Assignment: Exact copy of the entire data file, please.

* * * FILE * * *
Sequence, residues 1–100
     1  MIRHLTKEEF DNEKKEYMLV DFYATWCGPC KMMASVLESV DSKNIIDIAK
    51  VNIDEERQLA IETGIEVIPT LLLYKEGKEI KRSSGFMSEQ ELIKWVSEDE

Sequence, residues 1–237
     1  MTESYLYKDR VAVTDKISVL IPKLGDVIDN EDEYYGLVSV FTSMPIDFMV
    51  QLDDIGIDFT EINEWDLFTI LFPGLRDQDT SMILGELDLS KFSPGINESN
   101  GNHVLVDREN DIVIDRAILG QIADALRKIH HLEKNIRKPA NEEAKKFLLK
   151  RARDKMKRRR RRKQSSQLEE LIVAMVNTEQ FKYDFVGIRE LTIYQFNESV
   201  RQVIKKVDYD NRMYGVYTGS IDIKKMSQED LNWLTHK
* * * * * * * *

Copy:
Sequence, residues 1–100
     1  MIRHLTKEEF DNEKKEYMLV DFYATWCGPC KMMASVLESV DSKNIIDIAK
    51  VNIDEERQLA IETGIEVIPT LLLYKEGKEI KRSSGFMSEQ ELIKWVSEDE

Sequence, residues 1–237
     1  MTESYLYKDR VAVTDKISVL IPKLGDVIDN EDEYYGLVSV FTSMPIDFMV
    51  QLDDIGIDFT EINEWDLFTI LFPGLRDQDT SMILGELDLS KFSPGINESN
   101  GNHVLVDREN DIVIDRAILG QIADALRKIH HLEKNIRKPA NEEAKKFLLK
   151  RARDKMKRRR RRKQSSQLEE LIVAMVNTEQ FKYDFVGIRE LTIYQFNESV
   201  RQVIKKVDYD NRMYGVYTGS IDIKKMSQED LNWLTHK